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Liebeeck Garden’s Weekend Adventures Pt. 2- Trip to Robben Island

Robben Island

On Sunday, the Liebeeck Garden Adventures continued with a trip to Robben Island. Robben Island is one of the most popular and well-known South Africa tourist destinations. Robben Island has a rich history even years before it was used as a prison. While it was most commonly known as the place where Nelson Mandela was imprisoned for 18 years during apartheid, Robben Island has a history of exile, imprisonment, and banishment. Rulers sent political threats, social outcasts, and the outcasts from society. It housed a hospital for people with leprosy and for the mentally ill. Our group was excited to see Robben Island and to learn even more about its history- a history so telling of apartheid and of modern day South Africa.


Our journey began bright and early at 9:45am where we loaded into Earl’s van and the Guardian Angel car and headed to the Waterfront. We explored the Waterfront area before going over to the Nelson Mandela Gateway. After waiting in line and going through security, we boarded the ferry to Robben Island. The ride was only 30 minutes long and before we knew it we were stepping foot on Robben Island. We were shuffled onto tour buses bearing inspirational quotes like “The Journey is never long when freedom’s the destination.” These tour buses took us on our 3-hour tour around the island. Once we first drove through the gate, we past a mosque with a bright green dome where Islam was practiced on the island and it actually helped bring Islam to South Africa as well as The Church of the Good Shepard which is owned by the Anglican Church of South Africa. Both the mosque and the church were not used by the prisoners, they could practice their faith in different facilities inside the prisons. We passed the high-security prison that was built by prisoners and completed in 1964.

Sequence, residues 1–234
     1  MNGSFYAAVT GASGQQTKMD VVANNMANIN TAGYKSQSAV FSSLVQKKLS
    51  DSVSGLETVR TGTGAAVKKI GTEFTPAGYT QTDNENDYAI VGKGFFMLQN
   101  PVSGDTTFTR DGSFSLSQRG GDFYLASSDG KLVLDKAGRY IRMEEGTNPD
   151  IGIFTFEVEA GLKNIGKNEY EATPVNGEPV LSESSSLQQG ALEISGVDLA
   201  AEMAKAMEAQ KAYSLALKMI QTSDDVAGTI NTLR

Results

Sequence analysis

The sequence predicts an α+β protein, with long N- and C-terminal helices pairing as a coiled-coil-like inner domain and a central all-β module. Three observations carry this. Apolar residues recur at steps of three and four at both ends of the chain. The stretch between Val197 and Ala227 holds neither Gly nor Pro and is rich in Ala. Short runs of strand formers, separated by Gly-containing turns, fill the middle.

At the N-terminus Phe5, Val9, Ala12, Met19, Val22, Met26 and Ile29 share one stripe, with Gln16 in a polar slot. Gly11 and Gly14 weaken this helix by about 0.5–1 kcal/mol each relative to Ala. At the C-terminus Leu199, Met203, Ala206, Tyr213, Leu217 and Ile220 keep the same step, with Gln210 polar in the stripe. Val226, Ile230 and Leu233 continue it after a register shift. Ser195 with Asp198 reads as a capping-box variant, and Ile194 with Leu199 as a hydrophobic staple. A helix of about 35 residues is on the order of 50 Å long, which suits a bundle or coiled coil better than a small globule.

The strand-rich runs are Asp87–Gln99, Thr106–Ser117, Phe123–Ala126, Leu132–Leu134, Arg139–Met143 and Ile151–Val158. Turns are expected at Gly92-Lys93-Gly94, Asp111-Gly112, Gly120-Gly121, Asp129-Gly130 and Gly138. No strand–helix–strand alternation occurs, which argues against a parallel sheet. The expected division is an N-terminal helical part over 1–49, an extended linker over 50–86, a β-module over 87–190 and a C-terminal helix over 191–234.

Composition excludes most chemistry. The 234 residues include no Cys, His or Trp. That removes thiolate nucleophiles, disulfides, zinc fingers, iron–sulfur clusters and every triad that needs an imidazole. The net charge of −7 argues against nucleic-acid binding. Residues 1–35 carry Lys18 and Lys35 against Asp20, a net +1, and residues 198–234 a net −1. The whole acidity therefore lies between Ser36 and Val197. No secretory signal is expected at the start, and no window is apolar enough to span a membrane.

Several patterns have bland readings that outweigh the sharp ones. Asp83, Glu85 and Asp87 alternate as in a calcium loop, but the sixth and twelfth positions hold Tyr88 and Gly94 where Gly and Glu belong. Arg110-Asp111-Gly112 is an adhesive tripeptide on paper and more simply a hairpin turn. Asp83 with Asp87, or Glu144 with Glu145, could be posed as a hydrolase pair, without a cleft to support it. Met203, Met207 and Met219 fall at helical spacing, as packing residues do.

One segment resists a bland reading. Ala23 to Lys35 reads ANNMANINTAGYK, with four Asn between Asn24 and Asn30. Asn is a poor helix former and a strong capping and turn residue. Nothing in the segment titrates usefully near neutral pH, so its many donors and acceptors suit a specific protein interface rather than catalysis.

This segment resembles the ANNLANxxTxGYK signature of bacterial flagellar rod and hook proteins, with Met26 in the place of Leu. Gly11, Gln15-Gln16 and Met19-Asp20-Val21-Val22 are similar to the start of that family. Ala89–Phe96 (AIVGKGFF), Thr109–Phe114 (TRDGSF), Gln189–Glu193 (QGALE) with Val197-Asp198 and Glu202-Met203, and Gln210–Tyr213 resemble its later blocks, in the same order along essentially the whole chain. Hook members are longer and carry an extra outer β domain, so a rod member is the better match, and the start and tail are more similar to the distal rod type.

The tour continued and we stopped by the area where Robert Sobukwe was imprisoned. Sobukwe was the founding member of the African Pan-African Congress and he was arrested for protesting the apartheid regime. He was placed on house arrest in his own separate part of Robben Island where he was completely in isolation. While he was in prison, he could not talk to anyone and could no longer speak after his release. We walked around and saw where he stayed and where his children and wife would stay when they visited for short visits every couple of months. We then drove by the lime quarries where prisoners would work every day. The quarries were blinding and many of the prisoners who worked in the quarries now have vision problems. By the quarries also stands a pile of rocks which looks like a monument of sort. When Mandela visited a few years after his release with other former prisoners, he placed a single rock on the ground and all of the other political prisoners followed. It showed solidarity against apartheid. 


After the quarries, our next stop was the high-security prison. We left our guide from the first leg of the tour who joked that we were going to prison, yet even when walking into the gates I sensed the brutality that the prison contained only a few years ago. We were greeted by our next tour guide who was a prisoner on Robben Island before everyone was released in 1990. He was a soft-spoken man who did not share the details of his story, but you could tell how difficult it was for him to be back in the place that once robbed him of his freedom. He walked us through the process prisoners would go through once they were admitted. As we saw the different food rations for different races and walked through the facilities, the reality set in how haunting of a place Robben Island was. As we ended the tour, we saw some of the prisoner’s cells, including Nelson Mandela’s. They were a small room with a blanket laid on the ground with a pillow, little end table, and a bucket. As we walked down the hallway on our way out, our tour guide reminded us that while Robben Island has seen brutality and hard times, it is a symbol of triumph and human spirit to overcome adversity. Robben Island was referred to as Robben Island University because the prisoners were committed to self-development and freedom even though they were in prison. Robben Island was a dichotomy- while the island itself was barren and home to extreme hardship and suffering, there was a resounding feeling of hope and freedom. It spoke to South Africa’s struggles, triumphs, and successes today. It was a life changing trip and it definitely helped me see South Africa in a new light.

 by Gina Maffucci - American University


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